Monday, January 25, 2016

Gary Rue Joins The Travelons and Todd Eckart for This Weekend's Winter Dance Party

This coming Saturday the Armory Arts and Music Center is playing host to another Winter Dance Party. For this special occasion Gary Rue will be joining Lonnie Knight & The Travelons for a special evening of music to move your feet and make you smile. Here are just a few highlights from Gary's very special career:

~ Composer and songwriter for many artists (There are 2 compilations of Rue material, with performances by The Honeydogs, Helen Reddy, Nick Lowe, Butch Thompson, Laura MacKenzie, Maria Jette, The Rose Ensemble, Leslie Ball, Dan Chouinard, Bradley Greenwald, Christina Baldwin, Rio Nido (featuring Prudence Johnson), Jennifer Baldwin Peden, Debbie Duncan, Pat Donohue, Arne Fogel and many others).

~ Founder of the internationally acclaimed pop quartet Rue Nouveau

~ Creator and co-creator of more than 85 music theater scores with over 2000 regional, national and international performances.

And much, much more.

EN: You've had an impressive career. Who are the most interesting people whom you have worked with over the years?
Gary Rue: Gene Pitney, Elvis Costello, Nick Lowe, the Shirelles, Ben E. King, Dion., the Crickets (yup), Billy Joel's horn section, Curtiss A, ALL of my musician friends, too many to name, but God bless 'em.

EN: What years were you band leader for the Platters, Shirelles, Coasters and Marvelettes? (I ask because I saw them all in a Rock n Roll Revival with Chuck Berry, and Sha Na Na among others at Ohio U in the early 70s)
GR: My first music directing gig was at the DECC in Duluth in 1979 with the Shirelles. No rehearsal, no sound check. The first we saw of the Shirelles was when they were introduced to the stage. 3000 people. I gave a loud 'Ahem!' Doris Jackson turned around and said, "Everything is in (the key of) Bb, honey, just watch me." From there, I guess it was opportunity by association, all the bands that did the circuit, I got passed around. Not working with any of them on a regular basis, but I certainly did meet some great talent. I imagine that's partly how I came to music direct for Gene Pitney on a permanent basis.

EN: What did you learn from this experience?
GR: That I had an innate sense of how to organize and direct, even though I had very limited experience as a music director, per se. My success within this framework was mostly due to having my brain hammered with these songs when I was very young, so I had all the parts, stops and starts burned into my brain.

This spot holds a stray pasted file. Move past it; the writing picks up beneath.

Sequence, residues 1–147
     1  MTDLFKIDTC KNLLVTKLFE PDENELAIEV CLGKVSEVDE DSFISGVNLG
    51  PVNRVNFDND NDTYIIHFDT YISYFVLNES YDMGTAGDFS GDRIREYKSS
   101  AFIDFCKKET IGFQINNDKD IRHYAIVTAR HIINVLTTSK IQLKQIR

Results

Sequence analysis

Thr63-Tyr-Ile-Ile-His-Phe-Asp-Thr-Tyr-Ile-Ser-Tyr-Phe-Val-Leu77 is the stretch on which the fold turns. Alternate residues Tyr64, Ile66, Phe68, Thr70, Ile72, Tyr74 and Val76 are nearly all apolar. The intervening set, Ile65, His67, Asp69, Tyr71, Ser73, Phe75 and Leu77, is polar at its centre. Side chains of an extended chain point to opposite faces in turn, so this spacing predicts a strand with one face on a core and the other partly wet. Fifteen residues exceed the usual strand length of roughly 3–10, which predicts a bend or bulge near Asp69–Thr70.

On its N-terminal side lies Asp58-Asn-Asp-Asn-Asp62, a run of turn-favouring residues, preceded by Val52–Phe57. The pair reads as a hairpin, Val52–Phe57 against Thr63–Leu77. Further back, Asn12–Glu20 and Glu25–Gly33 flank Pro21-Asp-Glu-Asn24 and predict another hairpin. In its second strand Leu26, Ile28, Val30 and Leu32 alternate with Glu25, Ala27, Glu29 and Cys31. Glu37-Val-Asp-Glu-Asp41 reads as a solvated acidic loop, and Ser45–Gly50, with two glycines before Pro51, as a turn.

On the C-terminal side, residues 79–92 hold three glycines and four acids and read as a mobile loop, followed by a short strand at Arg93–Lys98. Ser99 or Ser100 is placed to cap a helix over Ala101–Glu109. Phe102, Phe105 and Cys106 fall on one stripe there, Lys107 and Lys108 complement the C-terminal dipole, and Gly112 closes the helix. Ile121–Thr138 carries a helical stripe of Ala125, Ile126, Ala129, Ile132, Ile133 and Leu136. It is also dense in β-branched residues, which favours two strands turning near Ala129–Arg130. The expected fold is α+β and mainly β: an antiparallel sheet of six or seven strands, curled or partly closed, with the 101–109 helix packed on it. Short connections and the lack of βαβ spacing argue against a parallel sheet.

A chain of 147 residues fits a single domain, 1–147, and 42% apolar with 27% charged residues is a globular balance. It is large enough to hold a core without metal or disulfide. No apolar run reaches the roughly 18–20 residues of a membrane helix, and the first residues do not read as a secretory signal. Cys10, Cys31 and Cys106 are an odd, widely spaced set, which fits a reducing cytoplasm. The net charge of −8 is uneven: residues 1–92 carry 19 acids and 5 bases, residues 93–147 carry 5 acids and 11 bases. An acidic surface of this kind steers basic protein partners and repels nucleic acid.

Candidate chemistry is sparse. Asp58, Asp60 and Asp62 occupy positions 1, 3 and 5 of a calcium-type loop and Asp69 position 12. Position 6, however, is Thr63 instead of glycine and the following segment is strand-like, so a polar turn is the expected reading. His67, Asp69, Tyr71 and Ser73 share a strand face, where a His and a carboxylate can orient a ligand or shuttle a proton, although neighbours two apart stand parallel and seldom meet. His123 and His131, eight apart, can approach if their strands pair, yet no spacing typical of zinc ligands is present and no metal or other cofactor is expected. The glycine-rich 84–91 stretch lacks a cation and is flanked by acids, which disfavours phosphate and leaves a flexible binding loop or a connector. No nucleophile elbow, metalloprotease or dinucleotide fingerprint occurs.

EN: When did you first realize that music would be your life?
GR: Beatles. Ed Sullivan, 1964. Period.

EN: How did you connect with The Travelons?
GR: I got a call from Mike Boterman (whom I had worked with many years before) of The Smokin' Section. They needed a sub for performance. I said, "Heck yeah, I'll do my best to keep up to Lonnie Knight." (Lonnie was one of my guitar heroes in the 60s. When I was still too young to gain entrance to a Tracy armory concert (my home town), I remember looking at tall, lanky Lonnie through the back door summer screen. Loud and proud, he was. Now, Lonnie and I hope to work together more frequently, and I seem to have secured a somewhat regular slot with that quartet.

EN: Where does your inspiration come from when creating something new?
GR: My career has been mostly based on commissions, so I rarely have the time for my own initial inspiration, but when it does, well, I read a LOT, I love history, especially Paris in the time of Chopin (1840 or so) and the Belle Epoch (again, Paris, 1890 or so). My most recent labor of love is called Chopin's Heart, about a brave little start-up cabaret in Warsaw, Poland, immediately before the Nazi invasion... August, 1939. We received a MN State Arts Board grant to present that show. Oops. Got to finish the review report for the Arts Board the morning I get home from the Winter Dance Party!

* * * *
Gary, Lonnie, The Travelons and Todd Eckert promise to get the joint rockin'. It's the 100th Anniversary Year for the Armory, and 57th anniversary of the original Dance Party. (See yesterday's blog post on that ill-fated tour.)

FWIW, this is a dress up event. That is wear your Fifties Finest.... even if you weren't born yet. There will be prizes for dancing and best costume.

Check out this story from last year's intro to the Dance Party, a little history about the Day the Music Died.

For more details about Gary Rau's career and achievements, visit garyrue.com.

As for next week, hope we'll see you on the dance floor.

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